Think of it this way. You've been told you have cancer and will die in a year. You have two choices. You can take the medical treatment and live a miserable 2 years more with no hair, puking all the time, no energy all the time. Or you can decide to fulfill your bucket list.

      People will make that choice on personal reasons. Me? Id want to fulfill my bucket list. That means fulfilling as many of my wants as I can before the economy goes into the toilet. A Sunset CPR P2 is on that list :-)

      Richard

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    3. Richard, you wrote: That said, if I start a business, and I hire people to do the work, thats what they are hired to do -- work for me. They can make suggestions to improve the business. They may get incentives for doing that (bonuses). But the business is mine, no matter how big it gets. No one has the right to take my property I own.

      *****************************
      Here is a major bone of contention. From my view, you may as well have said, "I bought that slave; he is mine. I shall tell him what to do. What right has he to do otherwise? What right have you to liberate him?"

      Of course, my answer is that it is not only my right but a moral imperative to liberate the wage slave from your employment. As MacHeath said on the scaffold, "What is the murder of a man compared to the employment of a man?"

      It is inconsistent with a person's "unalienable" {non-transferable) right to life, liberty, and the pursuit of happiness to be employed or for employment to be necessary to live. According to Deci and Ryan, autonomy is a prerequisite for happiness.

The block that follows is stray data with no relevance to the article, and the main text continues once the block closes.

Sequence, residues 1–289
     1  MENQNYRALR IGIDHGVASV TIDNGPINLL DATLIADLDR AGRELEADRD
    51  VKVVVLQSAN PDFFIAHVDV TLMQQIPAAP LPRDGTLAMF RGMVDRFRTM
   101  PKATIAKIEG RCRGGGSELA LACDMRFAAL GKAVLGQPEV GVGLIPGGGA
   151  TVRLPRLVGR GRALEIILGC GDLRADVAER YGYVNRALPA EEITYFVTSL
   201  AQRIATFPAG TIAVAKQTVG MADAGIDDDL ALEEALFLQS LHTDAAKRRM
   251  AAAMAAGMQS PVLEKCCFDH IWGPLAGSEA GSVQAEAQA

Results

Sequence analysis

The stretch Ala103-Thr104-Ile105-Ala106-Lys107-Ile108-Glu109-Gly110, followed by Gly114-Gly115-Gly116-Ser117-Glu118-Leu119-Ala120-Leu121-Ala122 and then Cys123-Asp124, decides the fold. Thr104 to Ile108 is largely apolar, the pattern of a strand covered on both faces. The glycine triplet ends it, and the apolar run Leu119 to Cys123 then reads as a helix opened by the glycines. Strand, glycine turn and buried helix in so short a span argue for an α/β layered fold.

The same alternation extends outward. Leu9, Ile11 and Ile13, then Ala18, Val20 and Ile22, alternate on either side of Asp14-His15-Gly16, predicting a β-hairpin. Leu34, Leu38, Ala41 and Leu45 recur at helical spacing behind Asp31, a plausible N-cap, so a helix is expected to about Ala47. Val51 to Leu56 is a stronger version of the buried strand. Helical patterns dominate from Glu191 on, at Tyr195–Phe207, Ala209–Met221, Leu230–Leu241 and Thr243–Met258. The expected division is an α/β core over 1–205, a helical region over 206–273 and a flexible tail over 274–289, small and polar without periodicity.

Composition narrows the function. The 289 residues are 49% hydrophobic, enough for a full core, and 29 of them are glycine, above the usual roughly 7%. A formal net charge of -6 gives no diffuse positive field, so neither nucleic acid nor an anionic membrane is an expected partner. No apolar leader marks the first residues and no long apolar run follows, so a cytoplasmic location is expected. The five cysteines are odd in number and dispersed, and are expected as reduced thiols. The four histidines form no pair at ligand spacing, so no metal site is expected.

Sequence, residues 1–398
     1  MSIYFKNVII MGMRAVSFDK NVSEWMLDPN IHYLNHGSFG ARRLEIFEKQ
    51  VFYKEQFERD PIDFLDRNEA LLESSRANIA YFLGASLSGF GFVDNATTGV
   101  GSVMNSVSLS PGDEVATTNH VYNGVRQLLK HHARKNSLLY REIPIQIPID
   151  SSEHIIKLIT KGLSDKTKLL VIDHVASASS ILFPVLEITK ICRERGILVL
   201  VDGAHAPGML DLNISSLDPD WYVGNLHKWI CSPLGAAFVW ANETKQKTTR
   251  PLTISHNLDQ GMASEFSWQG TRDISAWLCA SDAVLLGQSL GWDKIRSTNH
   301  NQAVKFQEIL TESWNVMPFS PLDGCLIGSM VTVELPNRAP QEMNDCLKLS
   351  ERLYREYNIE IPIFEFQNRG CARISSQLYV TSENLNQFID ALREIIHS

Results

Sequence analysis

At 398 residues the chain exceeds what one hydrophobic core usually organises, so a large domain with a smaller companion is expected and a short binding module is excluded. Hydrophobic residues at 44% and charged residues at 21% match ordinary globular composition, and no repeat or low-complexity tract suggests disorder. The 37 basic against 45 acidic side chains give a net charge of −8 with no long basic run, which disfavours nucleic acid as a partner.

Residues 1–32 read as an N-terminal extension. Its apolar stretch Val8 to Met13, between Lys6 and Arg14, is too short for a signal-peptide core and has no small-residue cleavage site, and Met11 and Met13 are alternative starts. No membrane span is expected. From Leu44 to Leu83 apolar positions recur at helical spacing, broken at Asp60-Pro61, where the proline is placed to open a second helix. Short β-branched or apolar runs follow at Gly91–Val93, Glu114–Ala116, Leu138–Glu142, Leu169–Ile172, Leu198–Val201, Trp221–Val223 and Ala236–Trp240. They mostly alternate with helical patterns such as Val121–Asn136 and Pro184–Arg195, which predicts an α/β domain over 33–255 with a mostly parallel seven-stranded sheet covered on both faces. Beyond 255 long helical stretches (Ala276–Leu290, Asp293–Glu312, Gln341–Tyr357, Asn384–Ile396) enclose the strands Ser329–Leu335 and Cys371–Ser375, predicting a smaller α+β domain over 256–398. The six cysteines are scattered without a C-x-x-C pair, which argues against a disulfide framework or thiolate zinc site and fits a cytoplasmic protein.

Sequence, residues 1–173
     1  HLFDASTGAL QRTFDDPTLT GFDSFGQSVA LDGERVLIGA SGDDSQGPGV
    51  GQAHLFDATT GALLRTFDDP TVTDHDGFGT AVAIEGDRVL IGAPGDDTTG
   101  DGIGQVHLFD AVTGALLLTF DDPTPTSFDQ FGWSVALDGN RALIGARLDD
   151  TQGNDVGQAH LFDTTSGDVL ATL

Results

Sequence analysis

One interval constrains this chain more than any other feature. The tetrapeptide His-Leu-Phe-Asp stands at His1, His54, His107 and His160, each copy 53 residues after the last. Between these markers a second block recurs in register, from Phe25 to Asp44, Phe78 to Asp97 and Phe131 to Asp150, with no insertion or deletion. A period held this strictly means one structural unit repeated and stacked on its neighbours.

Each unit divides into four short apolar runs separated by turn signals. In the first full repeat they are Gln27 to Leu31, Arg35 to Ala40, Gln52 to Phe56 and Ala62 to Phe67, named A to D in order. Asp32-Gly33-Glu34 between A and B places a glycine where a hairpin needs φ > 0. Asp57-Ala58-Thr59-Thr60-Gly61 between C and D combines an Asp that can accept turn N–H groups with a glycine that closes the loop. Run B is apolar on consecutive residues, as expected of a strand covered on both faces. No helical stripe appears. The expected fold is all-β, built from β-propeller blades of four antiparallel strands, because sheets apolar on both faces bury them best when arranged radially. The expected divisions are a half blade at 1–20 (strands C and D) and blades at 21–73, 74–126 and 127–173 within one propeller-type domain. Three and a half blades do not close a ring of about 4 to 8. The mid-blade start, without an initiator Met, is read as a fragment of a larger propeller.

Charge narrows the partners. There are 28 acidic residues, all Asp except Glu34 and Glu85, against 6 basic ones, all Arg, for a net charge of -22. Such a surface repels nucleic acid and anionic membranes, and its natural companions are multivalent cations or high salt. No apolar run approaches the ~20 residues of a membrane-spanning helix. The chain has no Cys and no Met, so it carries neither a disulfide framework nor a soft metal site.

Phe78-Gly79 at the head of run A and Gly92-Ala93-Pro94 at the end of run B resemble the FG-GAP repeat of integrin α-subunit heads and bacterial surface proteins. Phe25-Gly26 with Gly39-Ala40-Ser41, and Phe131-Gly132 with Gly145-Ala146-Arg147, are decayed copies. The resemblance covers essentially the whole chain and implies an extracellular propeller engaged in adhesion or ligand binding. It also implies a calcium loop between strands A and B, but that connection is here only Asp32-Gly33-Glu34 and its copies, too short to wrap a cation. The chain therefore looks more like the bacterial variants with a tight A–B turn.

You may start a company but not on the basis you would like; and, certainly, you may not acquire wealth or power by virtue of having started an enterprise.

      I am afraid that, from my point of view, it is to be determined only whether people who indulge in such anti-social behavior should go to jail or not. The decision has already been made as to the rectitude of my position otherwise. It is not open to discussion nor am I a liberal.

      Delete
    4. Ive heard the argument many times. Working stiffs are slaves. Saying so doesnt mean its true. Slaves were considerably different in many ways, the first is freedom. People who work are free to quit and find other means of employment. You dont like your job? Then go find one you do. Some people really like their jobs. I was a firefighter for 22 years. Loved it (not the internal politics, and not the union). Id do it again. Ive also been self employed writing software for companies. (I wanted to do that and spent the $ getting formal education. I took the risk.) I even worked for a company to automate them, then got let go when it was all done (I sued and won).

      At no time in any jobs Ive done did I feel like a slave. I was hired to do a job, I got paid (sometimes less than I thought I should have gotten), I got some of my wants in the mean time, able to pay for comfortable needs in the mean time.

      Slaves have none of that. Not even close.

      Sure many people hate their jobs. That isnt the fault of the system. They may think they're slaves, but really they are their own slave.

      The question becomes at what point does government step in and tell a business owner who is successful that he must give the business over to the "slaves" in a free and democratic society?

      Even if the system collapses, I would never advocate that people cant start and own their own businesses, and hire people at fair market driven wages.

      Richard

      Delete
  4. That should not be a problem with the natural economy (bad terminology)described at http://dematerialism.wikispaces.com/; to wit: